Experimental AIDS Vaccine Keeps Virus Under Control in Monkeys

From the WebMD Archives

March 8, 2001 -- An experimental vaccine appears to keep immunized monkeys from developing AIDS even after they have become infected with a particularly aggressive strain of the virus that causes the disease. The discovery, reported in the March 8 issue of the journal Science, holds promise for a human version of the vaccine that is currently in development.

When 24 rhesus macaque monkeys were given the vaccine and then received a dose of the monkey version of the virus seven months later, all became infected with the virus but remained free of the disease. In contrast, three of four unvaccinated monkeys that received the virus died of AIDS. The vaccinated monkeys have now been followed for more than two years and remain healthy, senior researcher Harriet L. Robinson, PhD tells WebMD.

"This is not just a proof of principle: We think it's something that could be used [in humans]. The key thing now is that we have to make sure that the components work as well in humans as they do in monkeys," says Robinson, chief of microbiology and immunology at the Yerkes Primate Center and professor of microbiology and immunology at Emory University School of Medicine in Atlanta.

The vaccine, delivered in three doses spread over 24 weeks, combines two methods for training the immune system to recognize the virus as a dangerous foreigner and erect defensive barriers against it.

In the study, the monkeys received two doses each of a "primer" containing bits of the virus that put the immune system on alert, in the way that a police officer going out on patrol memorizes a photo of a wanted criminal last seen in the neighborhood. The third dose of the vaccine consisted of a booster made out of a modified virus that was previously used as part of smallpox vaccines. The booster vaccine served to heighten the response of the immune system or, in other words, to increase the number of cops looking for the wanted criminal.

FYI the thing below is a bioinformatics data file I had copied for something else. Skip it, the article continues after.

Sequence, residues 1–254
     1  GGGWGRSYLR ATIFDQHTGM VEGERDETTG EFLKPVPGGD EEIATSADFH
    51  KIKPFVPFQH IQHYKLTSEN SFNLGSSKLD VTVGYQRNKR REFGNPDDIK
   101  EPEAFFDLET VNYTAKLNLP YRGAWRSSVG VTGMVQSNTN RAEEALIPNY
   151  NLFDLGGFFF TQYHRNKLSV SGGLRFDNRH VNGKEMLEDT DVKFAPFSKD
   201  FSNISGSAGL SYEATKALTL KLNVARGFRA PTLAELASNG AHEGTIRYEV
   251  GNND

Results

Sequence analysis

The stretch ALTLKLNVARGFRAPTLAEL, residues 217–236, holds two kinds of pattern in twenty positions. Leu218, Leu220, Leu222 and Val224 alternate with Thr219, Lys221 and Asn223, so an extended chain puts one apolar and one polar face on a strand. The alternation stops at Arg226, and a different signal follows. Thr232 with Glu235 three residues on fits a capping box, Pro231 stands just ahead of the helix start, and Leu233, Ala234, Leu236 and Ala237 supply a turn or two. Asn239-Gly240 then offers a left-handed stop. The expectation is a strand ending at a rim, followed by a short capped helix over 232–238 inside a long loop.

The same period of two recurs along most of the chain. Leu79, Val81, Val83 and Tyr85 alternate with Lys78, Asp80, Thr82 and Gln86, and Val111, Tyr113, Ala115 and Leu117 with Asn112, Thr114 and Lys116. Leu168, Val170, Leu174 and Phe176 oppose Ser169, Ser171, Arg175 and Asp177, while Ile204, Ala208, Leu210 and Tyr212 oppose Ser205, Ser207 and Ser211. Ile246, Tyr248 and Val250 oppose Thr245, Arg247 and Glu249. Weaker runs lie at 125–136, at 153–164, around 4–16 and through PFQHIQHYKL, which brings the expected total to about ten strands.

In the study, 24 monkeys were given either a high or low dose of the primer and the booster. Seven months after the last injection, their immune systems were challenged with a dose of a virus similar to HIV, the virus that causes AIDS in humans. The virus was delivered to a mucous membrane in the rectum of the monkeys (mucous membranes are the most common route of infection with HIV in humans). Four additional monkeys that did not receive the vaccine served as a comparison group.

The vaccinated monkeys and the unvaccinated monkeys all became infected with the virus, but the vaccinated animals remained healthy. Their immune systems continued to produce a large number of disease-fighting T-cells, and the number of copies of the virus in their blood quickly began to dwindle -- both signs that their bodies were successfully fighting off the infection.

The unvaccinated monkeys, however, had severe depletion of their T-cells and had evidence in their blood that the virus was reproducing itself with abandon. The unvaccinated monkeys developed multiple life-threatening infections in a disease course mimicking that of advanced AIDS in humans.

"This is as exciting an animal protection result as we've seen, due to the fact that they're protecting against [T-cell] loss, and virus loads are going down to undetectable," says James Bradac, PhD, chief of the preclinical research and development branch, division of AIDS vaccine and research prevention program, at the National Institute of Allergy and Infectious Diseases in Bethesda, Md.

Bradac, who was not involved in the study, tells WebMD that "for the human experience, we've got to see what happens when you hold these animals [for more time], and a key is to see whether this type of situation will prevent transmission to others. You don't want to merely keep someone alive a few years longer; we've got to have higher goals to prevent the spread of the epidemic."

Peggy Johnston, PhD, assistant director for AIDS/HIV vaccines at the National Institute of Allergy and Infectious Diseases, tells WebMD that the vaccine "may even be better in humans, because these animals are exposed to a very high amount of virus to ensure that all the [unvaccinated monkeys] get infected, and that is probably much larger than an average human exposure [to HIV], so it could even be better -- we don't know."

Robinson and researchers from the National Institute of Allergy and Infectious Diseases are currently collaborating. They are working on developing and testing the vaccine in early human trials, pending approval from the institute, which funded the current study.